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Double skin facade providing outside air to AHUs

asked 2016-04-26 10:53:41 -0500

updated 2017-05-05 09:23:22 -0500

I've got a building where there's a double skin facade (actually two, one west, one east), spanning 2 stories. The double skin is open to the outside, but not the inside.

In the winter the outside air is drawn in the cavity by dampers located at the bottom. In the summer the dampers are closed and the air is drawn through direct evaporative coolers.

Each zone is served by a water source heat pump which takes its outside air from the double skin cavities.

How would you go about modeling this in EnergyPlus? I cannot seem to figure out a way to have the outside air of the AHU being drawn from the cavity.

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answered 2016-04-26 11:24:51 -0500

Archmage's avatar

I don't think EnergyPlus has a direct way to do this.

If you have a side calculation to determine the facade-heated-outdoor air's drybulb, you could assign it to the OA inlet node using EMS actuator for Outoor Air System Node Conditions.

It might be considered thermodynamically similiar to use the return air feature in WindowProperty:AirflowControl. The heat gets added to the return air instead of the outdoor air, but only the fraction of heat gained that goes out the relief air is lost from the unit.

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Not a bad idea for the WindowProperty:AirflowControl, but I see two problems in my case:

  • This is a lab. All the OA air is supplied through the AHUs, but a bunch of it gets exhausted directly from the fume hoods and don't go through the AHU and its built-in ERV. I'm afraid I'd be over estimated the gain
  • My cavity is 2.5 m wide between the two skins, I kinda feel like WindowProperty:AirflowContro was meant for much smaller gaps.
Julien Marrec's avatar Julien Marrec  ( 2016-04-26 12:02:04 -0500 )edit

I guess I could simulate the cavity itself with unconditioned air being introduced and taken from it, get the resulting zone temperature, and feed that back in EMS. Whether that'll be any accurate is another question :)

Julien Marrec's avatar Julien Marrec  ( 2016-04-26 12:12:57 -0500 )edit

Yeah, I agree that wide of DF cavity should probably be it's own thermal zone. I think your suggestion would work well enough. It is pretty easy EMS to map the conditions at one node to an OA inlet.

Archmage's avatar Archmage  ( 2016-04-26 12:22:32 -0500 )edit

I didn't even think about actually coupling the zone node and the outside air node, thanks (was gonna do two sims and create an 8760 schedule)! I guess to take it further I could try to aggregate the outside air requirement (mass flow rate I guess) from the AHUs and use that as airflow in the cavity, maybe feeding it into a ZoneInfiltration:DesignFlowRate so that I don't double count fan power. Think that's possible @Archmage?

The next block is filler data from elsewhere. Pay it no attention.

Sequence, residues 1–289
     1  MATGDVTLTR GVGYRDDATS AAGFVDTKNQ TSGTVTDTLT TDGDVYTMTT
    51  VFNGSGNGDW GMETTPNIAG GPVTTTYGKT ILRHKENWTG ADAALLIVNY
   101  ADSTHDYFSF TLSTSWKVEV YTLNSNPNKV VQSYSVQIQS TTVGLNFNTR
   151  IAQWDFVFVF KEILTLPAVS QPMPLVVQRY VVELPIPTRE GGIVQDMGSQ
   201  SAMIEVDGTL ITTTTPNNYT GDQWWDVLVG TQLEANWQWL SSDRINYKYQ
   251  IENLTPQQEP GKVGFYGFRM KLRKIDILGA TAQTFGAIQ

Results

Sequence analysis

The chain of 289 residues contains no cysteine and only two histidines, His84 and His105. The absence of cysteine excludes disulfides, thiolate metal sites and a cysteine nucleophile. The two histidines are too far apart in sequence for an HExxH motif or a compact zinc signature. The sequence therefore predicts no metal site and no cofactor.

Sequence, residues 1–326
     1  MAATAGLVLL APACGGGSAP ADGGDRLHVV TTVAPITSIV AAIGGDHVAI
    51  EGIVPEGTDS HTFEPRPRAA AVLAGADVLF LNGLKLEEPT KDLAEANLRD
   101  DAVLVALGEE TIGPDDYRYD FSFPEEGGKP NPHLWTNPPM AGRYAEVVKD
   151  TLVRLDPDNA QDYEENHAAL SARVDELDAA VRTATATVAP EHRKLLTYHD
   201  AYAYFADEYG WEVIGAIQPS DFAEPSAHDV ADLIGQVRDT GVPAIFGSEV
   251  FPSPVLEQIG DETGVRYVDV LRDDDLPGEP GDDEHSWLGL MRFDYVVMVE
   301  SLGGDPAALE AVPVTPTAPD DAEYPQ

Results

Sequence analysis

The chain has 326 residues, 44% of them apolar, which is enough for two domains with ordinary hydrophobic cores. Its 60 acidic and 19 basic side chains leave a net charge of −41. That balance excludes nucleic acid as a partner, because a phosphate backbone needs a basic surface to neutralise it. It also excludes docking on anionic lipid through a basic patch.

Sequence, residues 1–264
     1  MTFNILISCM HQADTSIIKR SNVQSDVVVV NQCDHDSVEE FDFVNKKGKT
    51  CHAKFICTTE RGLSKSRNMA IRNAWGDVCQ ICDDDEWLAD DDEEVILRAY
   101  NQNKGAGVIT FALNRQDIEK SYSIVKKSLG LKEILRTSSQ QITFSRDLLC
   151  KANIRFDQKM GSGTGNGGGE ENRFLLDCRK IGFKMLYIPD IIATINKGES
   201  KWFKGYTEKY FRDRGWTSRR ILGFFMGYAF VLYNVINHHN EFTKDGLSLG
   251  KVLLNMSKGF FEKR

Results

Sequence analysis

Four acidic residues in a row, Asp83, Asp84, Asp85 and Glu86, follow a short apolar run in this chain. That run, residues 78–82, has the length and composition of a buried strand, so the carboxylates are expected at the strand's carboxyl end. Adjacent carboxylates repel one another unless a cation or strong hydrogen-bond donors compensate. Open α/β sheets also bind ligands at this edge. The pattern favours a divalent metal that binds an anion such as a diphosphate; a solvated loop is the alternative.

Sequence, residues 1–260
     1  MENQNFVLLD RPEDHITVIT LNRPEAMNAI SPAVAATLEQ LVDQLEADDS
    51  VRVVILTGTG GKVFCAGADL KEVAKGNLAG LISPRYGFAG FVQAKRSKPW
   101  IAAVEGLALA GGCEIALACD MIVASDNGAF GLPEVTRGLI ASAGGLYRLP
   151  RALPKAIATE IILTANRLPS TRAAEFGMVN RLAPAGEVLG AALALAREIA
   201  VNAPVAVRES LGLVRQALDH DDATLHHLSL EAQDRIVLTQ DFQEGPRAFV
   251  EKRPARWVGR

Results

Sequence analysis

Julien Marrec's avatar Julien Marrec  ( 2016-04-26 12:55:47 -0500 )edit
Archmage's avatar Archmage  ( 2016-04-26 12:57:38 -0500 )edit

answered 2016-04-27 07:52:57 -0500

BL's avatar

updated 2016-04-27 08:25:07 -0500

I agreed with @lutinfr answer. In IES, you created a separate zone to represent the air cavity. In the interior wall, you can set the interior wall as glazing material or whatever the actual material is. The air flow rate though the cavity can be specified as OA ventilation etc. Or you can create zero energy use fan or something like a dummy mechanical component to control the air cavity zone. Please see attached image.

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answered 2016-04-27 03:16:59 -0500

lutinfr's avatar

I have not experienced this case in E+, I'm IESVE user. But I think the concept for getting this done is the same. As usual with double skin facade, I model cavity zones as thermal zones, separated them as individual thermal zone at each floor, cavities are connected vertically. In case I realize this for study, I separate them to 2 or even 4 at each floor to see roughly how the temperature gradient inside the cavity. Then using air net work on IESVE to connect them all and connect to AHU. Hope this can help.

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Asked: 2016-04-26 10:53:41 -0500

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Last updated: Apr 27 '16